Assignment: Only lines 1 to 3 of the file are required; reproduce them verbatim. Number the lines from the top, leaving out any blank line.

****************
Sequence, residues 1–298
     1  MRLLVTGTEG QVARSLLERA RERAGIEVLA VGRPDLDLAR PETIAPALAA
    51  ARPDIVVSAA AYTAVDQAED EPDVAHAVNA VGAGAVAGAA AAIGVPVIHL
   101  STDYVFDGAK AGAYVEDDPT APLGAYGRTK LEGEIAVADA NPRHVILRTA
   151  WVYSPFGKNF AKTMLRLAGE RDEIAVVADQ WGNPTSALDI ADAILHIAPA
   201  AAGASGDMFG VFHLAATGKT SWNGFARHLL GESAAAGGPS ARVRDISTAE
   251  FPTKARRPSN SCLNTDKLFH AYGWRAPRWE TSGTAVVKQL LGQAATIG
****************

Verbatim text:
Sequence, residues 1–298
     1  MRLLVTGTEG QVARSLLERA RERAGIEVLA VGRPDLDLAR PETIAPALAA
    51  ARPDIVVSAA AYTAVDQAED EPDVAHAVNA VGAGAVAGAA AAIGVPVIHL